Unions Making Effort to Hire More Minority WorkersPosted: Updated:
KENNEWICK, Wash.- Minority workers are taking the lead when it comes to the area's construction jobs.
Industry experts say state and union programs are giving minority workers a new chance to pursue their dreams.
For many, this is the first step toward the American dream; owning their own business, and leaders from local construction unions say that's becoming a reality more and more these days.
A building boom in the Columbia Basin is nothing new, but the men behind those jobs is.
Mike Keizer helps run the Central Washington Construction Trades Council. Keizer oversees 15 unions, and says each and every one of them is making a push to hire more minority workers.
"We've had minorities in the trade for some time, but this is to the point where we are actually trying to pinpoint minorities to make applications for our apprenticeship programs and we're finding good success," he said.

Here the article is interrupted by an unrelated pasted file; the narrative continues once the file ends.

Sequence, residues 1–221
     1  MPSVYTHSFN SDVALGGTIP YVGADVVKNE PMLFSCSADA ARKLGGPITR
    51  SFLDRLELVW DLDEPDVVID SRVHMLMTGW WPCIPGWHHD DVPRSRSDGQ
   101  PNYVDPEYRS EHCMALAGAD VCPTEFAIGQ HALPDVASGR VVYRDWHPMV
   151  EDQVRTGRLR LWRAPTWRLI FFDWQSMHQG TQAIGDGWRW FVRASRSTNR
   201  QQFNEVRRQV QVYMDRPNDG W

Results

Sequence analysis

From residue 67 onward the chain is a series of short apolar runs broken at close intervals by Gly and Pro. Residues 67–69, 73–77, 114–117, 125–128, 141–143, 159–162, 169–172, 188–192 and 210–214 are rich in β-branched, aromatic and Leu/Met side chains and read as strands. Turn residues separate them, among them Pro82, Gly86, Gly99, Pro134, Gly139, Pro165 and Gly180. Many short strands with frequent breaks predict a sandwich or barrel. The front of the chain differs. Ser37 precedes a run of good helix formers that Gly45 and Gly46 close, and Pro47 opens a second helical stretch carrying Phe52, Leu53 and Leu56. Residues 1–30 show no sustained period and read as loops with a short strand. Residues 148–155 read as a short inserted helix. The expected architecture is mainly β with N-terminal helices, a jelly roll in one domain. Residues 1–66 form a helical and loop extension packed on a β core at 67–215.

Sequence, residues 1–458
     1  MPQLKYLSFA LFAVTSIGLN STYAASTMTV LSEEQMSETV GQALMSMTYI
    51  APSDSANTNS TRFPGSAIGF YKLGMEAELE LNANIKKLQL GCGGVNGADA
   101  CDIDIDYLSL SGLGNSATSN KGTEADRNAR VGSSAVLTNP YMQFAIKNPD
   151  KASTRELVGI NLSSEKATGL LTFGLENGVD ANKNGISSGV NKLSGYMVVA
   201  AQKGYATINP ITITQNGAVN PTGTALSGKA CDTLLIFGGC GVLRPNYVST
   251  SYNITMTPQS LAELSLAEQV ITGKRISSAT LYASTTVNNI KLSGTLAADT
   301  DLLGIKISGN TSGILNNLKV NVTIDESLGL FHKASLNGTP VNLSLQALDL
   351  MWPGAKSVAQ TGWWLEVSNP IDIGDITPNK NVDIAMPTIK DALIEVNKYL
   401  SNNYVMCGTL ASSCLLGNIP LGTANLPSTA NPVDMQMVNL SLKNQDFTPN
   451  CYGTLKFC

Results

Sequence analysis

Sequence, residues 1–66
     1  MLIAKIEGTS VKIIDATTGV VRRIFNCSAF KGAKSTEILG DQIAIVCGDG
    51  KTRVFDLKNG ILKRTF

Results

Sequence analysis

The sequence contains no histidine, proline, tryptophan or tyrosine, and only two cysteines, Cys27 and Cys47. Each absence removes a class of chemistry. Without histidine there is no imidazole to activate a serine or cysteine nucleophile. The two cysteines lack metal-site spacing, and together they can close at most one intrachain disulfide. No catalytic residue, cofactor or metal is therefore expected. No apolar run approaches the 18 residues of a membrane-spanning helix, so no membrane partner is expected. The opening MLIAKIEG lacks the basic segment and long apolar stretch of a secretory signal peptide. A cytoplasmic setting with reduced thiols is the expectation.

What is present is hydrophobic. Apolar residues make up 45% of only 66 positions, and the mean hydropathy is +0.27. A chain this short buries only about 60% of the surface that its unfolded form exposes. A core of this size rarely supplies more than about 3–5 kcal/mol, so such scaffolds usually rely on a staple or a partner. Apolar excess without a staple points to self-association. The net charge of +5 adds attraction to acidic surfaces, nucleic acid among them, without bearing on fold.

Raul Estrada is one of those workers. He's been working construction for a year.
"A friend told me about it and it sounded like a great job," Estrada said.
For men like him, it's a foot in the door toward the American dream. Many are building the foundation before starting their own business.
"Someday, maybe," he said.
The State of Washington is working with the unions to get more minorities involved in trade programs, even going so far as pushing for hiring practices similar to affirmative action, and the unions say they're helping as much as they can.
Keizer's been in the business 28 years. He says that's a long career, and one that's seen a dramatic change in the employment landscape.
The unions say they expect to continue to hire more minority workers in accordance with demand, but warn they aren't hiring anyone on the main basis of them being minorities.